Different approaches to BYOD policies are recipe for success

BYOD creates all kinds of issues for IT. But not every company can take the same approach, with different avenues on display at a customer panel.

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ANAHEIM, Calif. – An ever-increasingly mobile world creates challenges IT couldn't have dreamed of years ago, but there are answers in different BYOD approaches.

There isn't one "best" approach to bring your own device (BYOD), however.-IT can go with a mobile device management (MDM) approach that locks down an employee device or use mobile application management (MAM) to secure the data used in enterprise applications.

Indeed, BYOD takes many forms, with several approaches on display during a customer panel at the Citrix Synergy conference here this week.

Sony Pictures' BYOD journey

Three years ago, Sony Pictures Entertainment rolled out a BYOD program with no MDM outside of Active Sync. However, Sony's security team put a stop to the program so it could review and analyze a new process for BYOD.

The result was a new nine-page policy that dropped the number of BYOD-enrolled users from several hundred to under 100, according to Laurie Elmore, director of IT mobile technologies and integration with Sony Pictures Entertainment.

"We're struggling to include more and more people because they don’t like the security language," Elmore said. "Security is saying, 'if you leave, I can take your device, I can copy your pictures and text messages.'"

It's really about the experience rather than the technology.

Michael McKieran, Citrix IT practices vice president

Sony Pictures Entertainment is looking at adding Citrix's XenMobile Enterprise Edition to separate personal and corporate sections on devices and then loosen up some of the BYOD policy language to entice more employees to join the program.

Different approaches must be taken in part because of different laws. For example,  Germany laws don't allow EnBW, an electrical utilities company there,  to lock onto a device with full MDM. Instead, the company started a BYOD approach focused solely on MAM, according to Boris Schroeder, team lead for IT mobile solutions for EnBW.

"We just want to take control of the applications we deliver and what the content of the applications is," said Schroeder.

As part of that approach, EnBW recently pushed out its first Citrix Worx Home application, Worx Mail, which connects to its Microsoft Outlook email. EnBW runs this on about 20 to 30 devices as part of an initial test and it hopes to add more applications over time including employee self-services and travel and expense, according to Schroeder.

Citrix "eats its own dog food" when it comes to BYOD, using XenMobile over the last year to manage around 12,500 BYOD devices that come onto its global network, according to Michael McKiernan, vice president of business technology solutions, IT practices, for Citrix.

Citrix started its BYOD program over six years ago with computers and has grown to include the wide array of mobile devices. The company also focused on MAM until XenMobile was introduced.

In Citrix's own experience, it's a powerful thing to allow users their freedom to use their own device to get work done, according to McKiernan.

More on BYOD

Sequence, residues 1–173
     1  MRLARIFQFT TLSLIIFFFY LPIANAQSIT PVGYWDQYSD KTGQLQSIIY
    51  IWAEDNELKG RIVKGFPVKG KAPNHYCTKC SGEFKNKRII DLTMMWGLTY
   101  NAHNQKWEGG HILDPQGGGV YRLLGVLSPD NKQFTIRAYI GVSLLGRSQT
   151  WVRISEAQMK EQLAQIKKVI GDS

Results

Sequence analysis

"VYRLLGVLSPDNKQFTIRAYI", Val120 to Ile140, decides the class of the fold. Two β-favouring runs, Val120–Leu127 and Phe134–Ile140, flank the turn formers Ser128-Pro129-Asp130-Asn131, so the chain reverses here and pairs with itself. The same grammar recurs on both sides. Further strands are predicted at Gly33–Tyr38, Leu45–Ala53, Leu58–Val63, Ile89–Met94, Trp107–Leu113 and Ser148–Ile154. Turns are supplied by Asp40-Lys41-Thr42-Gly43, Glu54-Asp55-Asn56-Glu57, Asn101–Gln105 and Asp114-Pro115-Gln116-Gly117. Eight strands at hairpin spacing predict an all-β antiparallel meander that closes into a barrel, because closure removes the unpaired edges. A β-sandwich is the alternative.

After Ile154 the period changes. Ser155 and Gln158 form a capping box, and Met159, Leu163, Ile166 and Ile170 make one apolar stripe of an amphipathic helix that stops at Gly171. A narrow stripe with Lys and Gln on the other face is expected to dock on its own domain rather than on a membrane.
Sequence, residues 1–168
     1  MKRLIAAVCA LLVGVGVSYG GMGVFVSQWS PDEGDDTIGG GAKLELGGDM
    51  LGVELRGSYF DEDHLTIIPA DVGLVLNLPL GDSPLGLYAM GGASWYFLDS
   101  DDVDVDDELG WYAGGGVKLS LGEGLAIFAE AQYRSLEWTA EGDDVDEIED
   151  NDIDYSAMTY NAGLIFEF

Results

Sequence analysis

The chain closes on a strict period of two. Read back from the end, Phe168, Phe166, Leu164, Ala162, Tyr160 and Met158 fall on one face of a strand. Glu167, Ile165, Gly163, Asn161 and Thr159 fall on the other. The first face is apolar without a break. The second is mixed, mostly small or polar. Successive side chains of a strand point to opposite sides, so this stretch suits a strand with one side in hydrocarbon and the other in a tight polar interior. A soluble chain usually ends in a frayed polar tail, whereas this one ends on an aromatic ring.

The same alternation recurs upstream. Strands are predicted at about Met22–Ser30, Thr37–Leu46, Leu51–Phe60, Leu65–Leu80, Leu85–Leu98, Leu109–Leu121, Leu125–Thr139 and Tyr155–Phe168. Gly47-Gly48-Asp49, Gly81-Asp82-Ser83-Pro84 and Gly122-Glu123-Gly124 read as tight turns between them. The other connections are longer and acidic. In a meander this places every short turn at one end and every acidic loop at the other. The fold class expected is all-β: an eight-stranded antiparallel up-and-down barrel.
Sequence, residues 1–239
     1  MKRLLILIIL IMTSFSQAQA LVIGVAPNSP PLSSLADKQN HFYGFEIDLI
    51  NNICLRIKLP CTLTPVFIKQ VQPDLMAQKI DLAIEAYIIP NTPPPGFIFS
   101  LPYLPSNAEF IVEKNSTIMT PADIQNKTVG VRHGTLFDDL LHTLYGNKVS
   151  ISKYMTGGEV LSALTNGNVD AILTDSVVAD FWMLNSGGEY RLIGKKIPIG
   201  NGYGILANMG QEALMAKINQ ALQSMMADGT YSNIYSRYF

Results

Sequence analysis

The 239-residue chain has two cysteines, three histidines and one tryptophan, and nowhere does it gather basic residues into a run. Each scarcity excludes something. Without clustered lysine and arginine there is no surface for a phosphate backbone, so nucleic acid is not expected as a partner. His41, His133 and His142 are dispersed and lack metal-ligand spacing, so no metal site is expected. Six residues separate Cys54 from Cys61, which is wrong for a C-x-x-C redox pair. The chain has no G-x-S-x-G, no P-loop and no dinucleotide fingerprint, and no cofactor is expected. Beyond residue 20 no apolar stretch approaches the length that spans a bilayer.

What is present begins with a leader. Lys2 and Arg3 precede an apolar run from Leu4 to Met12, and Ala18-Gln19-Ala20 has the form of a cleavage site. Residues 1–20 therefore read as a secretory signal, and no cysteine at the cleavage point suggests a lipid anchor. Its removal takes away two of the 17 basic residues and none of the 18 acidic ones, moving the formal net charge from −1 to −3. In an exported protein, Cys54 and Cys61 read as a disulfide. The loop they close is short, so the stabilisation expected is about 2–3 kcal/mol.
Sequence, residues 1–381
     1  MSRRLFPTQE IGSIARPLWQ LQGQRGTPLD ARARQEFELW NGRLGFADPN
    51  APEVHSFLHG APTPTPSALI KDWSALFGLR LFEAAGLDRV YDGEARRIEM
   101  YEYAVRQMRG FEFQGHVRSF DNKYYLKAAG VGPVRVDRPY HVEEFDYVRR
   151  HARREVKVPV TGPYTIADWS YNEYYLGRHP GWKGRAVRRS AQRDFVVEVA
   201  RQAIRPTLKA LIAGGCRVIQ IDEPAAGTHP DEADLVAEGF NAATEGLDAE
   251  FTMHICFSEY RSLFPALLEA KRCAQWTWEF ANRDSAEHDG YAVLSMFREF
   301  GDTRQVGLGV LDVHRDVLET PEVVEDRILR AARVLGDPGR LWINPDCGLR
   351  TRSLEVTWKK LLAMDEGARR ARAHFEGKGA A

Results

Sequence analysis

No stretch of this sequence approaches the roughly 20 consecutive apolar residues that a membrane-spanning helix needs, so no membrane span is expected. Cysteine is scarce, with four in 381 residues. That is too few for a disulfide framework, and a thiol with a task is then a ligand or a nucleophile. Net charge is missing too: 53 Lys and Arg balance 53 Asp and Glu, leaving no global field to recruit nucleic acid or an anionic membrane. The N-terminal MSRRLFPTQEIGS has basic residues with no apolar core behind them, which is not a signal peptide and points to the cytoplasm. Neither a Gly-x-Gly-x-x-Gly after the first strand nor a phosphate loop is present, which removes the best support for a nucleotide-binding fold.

Worldwide shipments of smartphones to hit 1.9 billion in 2014, up nearly 5% from last year, according to Gartner research from March 2014.

"It's really about the experience rather than about the technology," he said.

Citrix also found an interesting trend regarding BYOD demographics that goes against the grain of conventional wisdom of what types of users want to choose their own devices. According to its internal statistics, users aged 30 to 39 use BYOD devices more than any other age group.

"The demographics are overstated, that the millennials expect and demand [BYOD]," said McKiernan. "It's just not true. The millennials just want a job."

Security risks of BYOD considered

Important issues around security have to be considered if implementing a BYOD program. At Sony, if a user brought in a laptop and wanted to connect it into the infrastructure there, it wouldn't be immediately possible, according to Sunil Dayal, technical services analyst at Sony Pictures Entertainment.

"So, why do we give free will to smart devices?" Dayal asked.

With plans to add XenMobile Enterprise Edition soon, the containerization piece will give IT the ability to push a certificate to users to connect to Sony's network through MDM. All other devices can access internal networks through Citrix NetScaler, mitigating risk factors, according to Dayal.

Citrix actually finds fewer security incidents with BYOD devices than corporate-owned devices. That's in part because of what McKiernan called "rental car syndrome," where people take better care of their own devices than ones owned by their company.

"They lose [BYOD devices] less frequently, they get run over by cars less frequently, they get dropped in the water less frequently when the new phone comes out," McKiernan said.

Sony purchased 13 devices in one year for an executive who kept losing them. In fact, he bought several on his own because he felt bad, according to Elmore.

While securing data inside a container like Worx Mail is key, of equal importance is ensuring that data doesn't get sent to places it shouldn't, according to Schroeder.

"We wouldn't want someone to open a mail attachment in Facebook or something and disclose some big plans we have," he said.

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